Last Updated on May 9, 2015, by eNotes Editorial. Word Count: 628
The Romany Rye
The Romany Rye, known previously as Lavengro, George, and Shorsha, all terms of respect for his linguistic accomplishments among the Gypsies. The young wanderer is alert, perceptive, friendly, and resourceful. He is traveling to acquire a better understanding of language differences. Not content with knowing meanings and sounds, the tinker turned horse trader wants to know reasons, folkways, mores, and rituals; in short, everything interests him, especially the nomadic life of the Romany groups, the Armenian Gypsies. Like an errant Don Quixote, the hero rights wrongs, sets things straight, and always extracts life histories from those he encounters. He irritates many with his questions, but this Romany Rye (Gypsy gentleman) almost always wins respect and admiration.
Isopel (Belle) Berners
Isopel (Belle) Berners, an Amazon of the open road. Although she is not a Gypsy, she goes her independent way without interference. The flaxen-haired and handsome young woman has laid out numerous travelers who made untoward remarks, but she respects and admires the hero. She refuses to marry him, however, on the basis that she believes him to be mad because of his philological curiosity. Finally, to maintain her independence and be true to her vision, she leaves for America alone.
Jasper Petulengro, the Gypsy who more than anyone else helps the Romany Rye with his research. Jasper not only aids Lavengro with introductions to interesting and important leaders in the encampment but also buys his adopted brother a fine horse. Although known to cheat in business and misrepresent the truth, he is a true friend and a natural gentleman.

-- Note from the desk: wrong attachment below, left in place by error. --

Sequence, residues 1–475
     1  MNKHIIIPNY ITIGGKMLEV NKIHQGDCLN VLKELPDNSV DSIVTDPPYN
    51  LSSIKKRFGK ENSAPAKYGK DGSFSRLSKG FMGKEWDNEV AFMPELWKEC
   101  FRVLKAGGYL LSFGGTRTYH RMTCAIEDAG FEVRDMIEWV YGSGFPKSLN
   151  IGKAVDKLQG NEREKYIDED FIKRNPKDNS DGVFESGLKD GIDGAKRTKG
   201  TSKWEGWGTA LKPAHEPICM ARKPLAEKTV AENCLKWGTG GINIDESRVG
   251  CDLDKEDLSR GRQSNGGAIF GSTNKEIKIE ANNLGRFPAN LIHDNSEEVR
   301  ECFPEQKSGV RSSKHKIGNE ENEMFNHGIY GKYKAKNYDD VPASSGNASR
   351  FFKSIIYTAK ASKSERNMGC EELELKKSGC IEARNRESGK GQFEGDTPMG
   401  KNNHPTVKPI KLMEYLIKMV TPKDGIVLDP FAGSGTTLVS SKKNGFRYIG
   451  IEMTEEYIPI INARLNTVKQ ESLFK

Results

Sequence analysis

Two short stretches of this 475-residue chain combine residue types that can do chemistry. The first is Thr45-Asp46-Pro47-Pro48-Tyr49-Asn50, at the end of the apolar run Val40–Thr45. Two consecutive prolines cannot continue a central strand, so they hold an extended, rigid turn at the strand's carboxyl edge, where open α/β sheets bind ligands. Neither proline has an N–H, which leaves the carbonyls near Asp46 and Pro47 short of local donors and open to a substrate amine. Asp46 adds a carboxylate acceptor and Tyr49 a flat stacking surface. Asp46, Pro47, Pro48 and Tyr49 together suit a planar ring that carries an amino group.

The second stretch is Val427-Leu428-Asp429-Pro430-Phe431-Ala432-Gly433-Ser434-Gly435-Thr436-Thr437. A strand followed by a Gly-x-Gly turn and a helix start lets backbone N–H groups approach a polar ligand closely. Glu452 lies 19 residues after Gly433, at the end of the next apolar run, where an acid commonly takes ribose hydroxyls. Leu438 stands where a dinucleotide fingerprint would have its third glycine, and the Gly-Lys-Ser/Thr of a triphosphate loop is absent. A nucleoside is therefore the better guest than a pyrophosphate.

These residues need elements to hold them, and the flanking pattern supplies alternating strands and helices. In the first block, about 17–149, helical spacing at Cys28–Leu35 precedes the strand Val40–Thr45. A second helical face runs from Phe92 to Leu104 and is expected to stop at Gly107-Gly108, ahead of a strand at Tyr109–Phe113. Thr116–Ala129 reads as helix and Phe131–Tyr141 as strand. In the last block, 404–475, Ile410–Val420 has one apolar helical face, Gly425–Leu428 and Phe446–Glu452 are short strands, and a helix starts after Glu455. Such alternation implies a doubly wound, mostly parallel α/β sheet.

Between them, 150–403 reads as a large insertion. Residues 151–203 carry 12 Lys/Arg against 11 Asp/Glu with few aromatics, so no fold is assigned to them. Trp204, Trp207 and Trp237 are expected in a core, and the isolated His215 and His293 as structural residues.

Ursula, Mrs. Petulengro’s sister, a young widow intended for the hero; instead, she marries within her group. Through this beautiful young woman, the young semanticist learns shades of meaning, particularly the ways and words of brushing off an advance. Although nothing comes of the romance, Ursula occupies a warm spot in the heart of the hero.
Francis Ardry, the hero’s associate from his London publishing days, who reappears and brings his adventures up to date. This handsome, wealthy, and resourceful man has dissipated his energies and destroyed his character through frivolity. Charming as he is, the hero does not lament parting from him for the last time.
The Man in Black
The Man in Black, who appears briefly, proselytizing the hero and his landlord for the Roman Catholic church. The contrast of this cynical and learned churchman and the simple, direct Methodist evangelist forms one of the most controversial arguments of the author’s autobiographical books. Both the landlord and the linguist turn down the monk’s overtures.
Jack Dale, the confidence man who has become an honest trader in spite of the underworld connections of his family. Proud to a fault, Jack will not permit a word against him or his character, nor will he allow the hero to interrupt his lengthy discourse of his life’s adventures. Independent and honest, he has made a good living, reared a fine family, and earned the respect of his constituents in a most dishonest trade.
Murtagh, the Irish boyhood friend of the adopted Gypsy. He has given out many secrets of the old language and folktales of the ancient Irish. Irrepressible and humorous to the point of being ridiculous, Murtagh regales the tavern with his stories of card sharping. He is a generous and pleasant companion whose reunion with the hero brings the series of sketches to a close.
The Chinese Scholar
The Chinese Scholar, an old man who has spent what would otherwise have been an indolent life in transcribing ideographs and symbols from pottery. He befriends the hero and tells his sad story. He lives the life of a Chinese sage because of his translations.
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